The utility of MRI scans for a painful knee in the elderly patient

Abstract

Introduction

We assess the requesting patterns and overall utility of MRI scans in our institution over a 6-month period for knee pain in an elderly population.

Methods

We performed a retrospective cohort study analysing patients undergoing a knee MRI between June 2018 and January 2019. Clinical notes were reviewed to determine the nature of any surgical intervention that was performed as a result of the MRI findings. A simple economic analysis was then performed using local pricing information.

Results

One hundred and nine MRI scans were performed. The majority of scans were ordered by primary care physicians with no preceding plain radiographs (55%, n = 60). Meniscal tears were reported in 68% of patients. Degenerative changes were noted in 82% of patients. One patient was noted to have a flipped meniscal fragment. This was the only patient to undergo surgical intervention of any kind. Univariate analysis demonstrated no correlation between the presence of a meniscal tear (p = 0.61) or degeneration (p = 0.56) and the need for intervention. The only significant predictor of intervention was the presence of locking (p < 0.001). For the 101 patients that underwent unnecessary MRI scans, our institution would have saved €17,170 in unnecessary costs over 6 months.

Conclusion

We suggest that all elderly patients with knee pain undergo plain radiographs before MRI scan and only those with locking should be considered for an MRI scan at all. Primary care physicians are overusing MRI as an imaging modality in this cohort at a cost of over €30,000 per year to our institution.

This is a preview of subscription content, access via your institution.

Fig. 1
Fig. 2

References

  1. 1.

    Ackerman IN, Bohensky MA, Zomer E, Tacey M, Gorelik A, Brand CA et al (2019) The projected burden of primary total knee and hip replacement for osteoarthritis in Australia to the year 2030. BMC Musculoskelet Disord 20(1):90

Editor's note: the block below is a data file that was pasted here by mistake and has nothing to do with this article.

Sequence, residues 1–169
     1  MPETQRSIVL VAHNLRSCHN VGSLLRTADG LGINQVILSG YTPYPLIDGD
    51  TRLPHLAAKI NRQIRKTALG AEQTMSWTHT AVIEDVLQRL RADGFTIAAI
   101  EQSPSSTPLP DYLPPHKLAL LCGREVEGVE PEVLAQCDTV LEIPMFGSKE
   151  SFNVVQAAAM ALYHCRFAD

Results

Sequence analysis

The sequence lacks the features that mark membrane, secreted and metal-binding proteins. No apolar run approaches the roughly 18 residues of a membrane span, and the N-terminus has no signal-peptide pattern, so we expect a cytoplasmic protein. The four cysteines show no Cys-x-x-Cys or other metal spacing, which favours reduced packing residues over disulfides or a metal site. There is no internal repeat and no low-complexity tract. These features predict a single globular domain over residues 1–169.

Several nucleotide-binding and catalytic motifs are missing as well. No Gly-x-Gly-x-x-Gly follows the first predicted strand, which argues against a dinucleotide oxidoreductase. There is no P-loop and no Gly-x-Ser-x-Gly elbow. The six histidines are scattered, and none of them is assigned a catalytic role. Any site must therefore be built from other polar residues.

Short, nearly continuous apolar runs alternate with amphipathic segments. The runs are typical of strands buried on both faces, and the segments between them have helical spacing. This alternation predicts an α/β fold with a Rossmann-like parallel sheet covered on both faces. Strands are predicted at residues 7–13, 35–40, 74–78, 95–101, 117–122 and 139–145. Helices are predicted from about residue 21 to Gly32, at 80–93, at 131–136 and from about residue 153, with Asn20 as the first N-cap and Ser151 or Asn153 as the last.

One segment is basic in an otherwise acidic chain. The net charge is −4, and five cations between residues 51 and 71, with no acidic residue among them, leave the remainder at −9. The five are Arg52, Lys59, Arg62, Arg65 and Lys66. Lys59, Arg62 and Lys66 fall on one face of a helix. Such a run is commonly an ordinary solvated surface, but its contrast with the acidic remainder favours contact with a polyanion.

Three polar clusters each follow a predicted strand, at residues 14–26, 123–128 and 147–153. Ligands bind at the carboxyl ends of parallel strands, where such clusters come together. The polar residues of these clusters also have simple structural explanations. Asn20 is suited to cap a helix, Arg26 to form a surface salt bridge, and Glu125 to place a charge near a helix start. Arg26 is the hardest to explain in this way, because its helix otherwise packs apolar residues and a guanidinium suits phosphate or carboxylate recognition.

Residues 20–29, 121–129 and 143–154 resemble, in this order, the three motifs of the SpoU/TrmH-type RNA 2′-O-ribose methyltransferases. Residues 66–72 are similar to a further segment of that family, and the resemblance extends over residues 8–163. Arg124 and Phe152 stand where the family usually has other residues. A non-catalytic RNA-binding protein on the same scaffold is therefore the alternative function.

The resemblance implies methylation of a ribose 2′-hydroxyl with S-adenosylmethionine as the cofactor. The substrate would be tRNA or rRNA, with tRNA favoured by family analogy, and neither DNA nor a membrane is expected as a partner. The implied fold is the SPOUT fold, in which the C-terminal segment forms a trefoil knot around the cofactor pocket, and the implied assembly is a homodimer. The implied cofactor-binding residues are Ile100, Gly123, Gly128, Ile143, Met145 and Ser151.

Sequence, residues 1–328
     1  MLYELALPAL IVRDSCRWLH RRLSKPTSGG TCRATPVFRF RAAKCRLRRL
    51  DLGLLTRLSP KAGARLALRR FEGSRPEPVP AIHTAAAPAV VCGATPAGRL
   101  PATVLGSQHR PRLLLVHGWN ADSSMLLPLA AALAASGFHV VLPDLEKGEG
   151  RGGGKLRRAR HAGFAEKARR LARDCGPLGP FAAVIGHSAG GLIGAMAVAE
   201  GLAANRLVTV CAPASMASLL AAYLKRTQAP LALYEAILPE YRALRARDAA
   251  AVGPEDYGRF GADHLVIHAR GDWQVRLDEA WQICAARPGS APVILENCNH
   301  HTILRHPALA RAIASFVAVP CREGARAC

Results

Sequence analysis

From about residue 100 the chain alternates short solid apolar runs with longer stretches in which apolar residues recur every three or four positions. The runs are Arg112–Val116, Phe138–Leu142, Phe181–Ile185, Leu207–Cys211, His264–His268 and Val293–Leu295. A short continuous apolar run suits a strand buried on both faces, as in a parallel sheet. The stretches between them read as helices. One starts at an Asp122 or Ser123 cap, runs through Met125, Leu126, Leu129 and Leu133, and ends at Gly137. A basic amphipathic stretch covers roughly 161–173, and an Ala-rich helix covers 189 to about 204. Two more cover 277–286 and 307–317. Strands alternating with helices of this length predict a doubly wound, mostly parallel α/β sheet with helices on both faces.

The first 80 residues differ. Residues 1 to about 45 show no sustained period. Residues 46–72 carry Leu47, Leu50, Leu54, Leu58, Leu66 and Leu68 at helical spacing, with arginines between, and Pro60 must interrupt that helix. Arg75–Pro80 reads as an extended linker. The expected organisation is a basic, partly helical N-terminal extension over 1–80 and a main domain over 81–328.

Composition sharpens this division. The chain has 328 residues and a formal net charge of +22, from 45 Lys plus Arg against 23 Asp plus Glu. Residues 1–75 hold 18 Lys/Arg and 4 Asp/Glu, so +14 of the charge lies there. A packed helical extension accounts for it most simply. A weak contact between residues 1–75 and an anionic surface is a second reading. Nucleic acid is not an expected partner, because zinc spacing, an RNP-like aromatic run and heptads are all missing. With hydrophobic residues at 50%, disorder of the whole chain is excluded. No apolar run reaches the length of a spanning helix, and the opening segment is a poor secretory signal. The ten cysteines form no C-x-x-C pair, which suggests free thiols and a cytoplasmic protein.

Article  Google Scholar 

  2. 2.

    Kurtz SM, Ong KL, Lau E, Bozic KJ (2014) Impact of the economic downturn on total joint replacement demand in the United States: updated projections to 2021. J Bone Joint Surg Am 96(8):624–630

    Article  Google Scholar 

  3. 3.

    (2019) Payers price list. In: (ed). Hospital OLoL

  4. 4.

    Wylie JD, Crim JR, Working ZM, Schmidt RL, Burks RT (2015) Physician provider type influences utilization and diagnostic utility of magnetic resonance imaging of the knee. J Bone Joint Surg Am 97(1):56–62

    Article  Google Scholar 

  5. 5.

    Sherman SL, Gulbrandsen TR, Lewis HA, Gregory MH, Capito NM, Gray AD et al (2018) Overuse of magnetic resonance imaging in the diagnosis and treatment of moderate to severe osteoarthritis. Iowa Orthop J 38:33–37

    PubMed  PubMed Central  Google Scholar 

  6. 6.

    Petron DJ, Greis PE, Aoki SK, Black S, Krete D, Sohagia KB et al (2010) Use of knee magnetic resonance imaging by primary care physicians in patients aged 40 years and older. Sports Health 2(5):385–390

    Article  Google Scholar 

  7. 7.

    Solivetti FM, Guerrisi A, Salducca N, Desiderio F, Graceffa D, Capodieci G et al (2016) Appropriateness of knee MRI prescriptions: clinical, economic and technical issues. Radiol Med 121(4):315–322

    CAS  Article  Google Scholar 

  8. 8.

    NICE. Arthroscopic knee washout, with or without debridement, for the treatment of osteoarthritis 2007. Available from: https://www.nice.org.uk/guidance/ipg230

  9. 9.

    Laupattarakasem W, Laopaiboon M, Laupattarakasem P, Sumananont C (2008) Arthroscopic debridement for knee osteoarthritis. Cochrane Database Syst Rev 1:CD005118

    Google Scholar 

  10. 10.

    Lazic S, Boughton O, Hing C, Bernard J (2014) Arthroscopic washout of the knee: a procedure in decline. Knee. 21(2):631–634

    Article  Google Scholar 

  11. 11.

    Amin N, McIntyre L, Carter T, Xerogeanes J, Voigt J (2019) Cost-effectiveness analysis of needle arthroscopy versus magnetic resonance imaging in the diagnosis and treatment of meniscal tears of the knee. Arthroscopy. 35(2):554–62 e13

    Article  Google Scholar 

Download references

Availability of data and material

Available on request.

Code availability

Not applicable.

Author information

Affiliations

Authors

Contributions

AB, data collection and manuscript writing; GS, manuscript writing and statistics; AG, study design and manuscript editing.

Corresponding author

Correspondence to Gerard A. Sheridan.

Ethics declarations

Conflicts of interest

Not applicable.

Ethics approval

Granted by the Local Institutional Review Board.

Consent to participate

Granted.

Consent for publication

Granted.

Additional information

Publisher’s note

Springer Nature remains neutral with regard to jurisdictional claims in published maps and institutional affiliations.

‘Deerpark’, Lobinstown, Navan, Co.Meath

Abishekar Bisseru, Aaron A Glynn are Co-authors

Rights and permissions

Reprints and Permissions

About this article

Verify currency and authenticity via CrossMark

Cite this article

Sheridan, G.A., Bisseru, A. & Glynn, A.A. The utility of MRI scans for a painful knee in the elderly patient. Ir J Med Sci 190, 363–366 (2021). https://doi.org/10.1007/s11845-020-02261-z

Download citation

Keywords

  • Cost-effectiveness
  • Knee
  • MRI
  • Osteoarthritis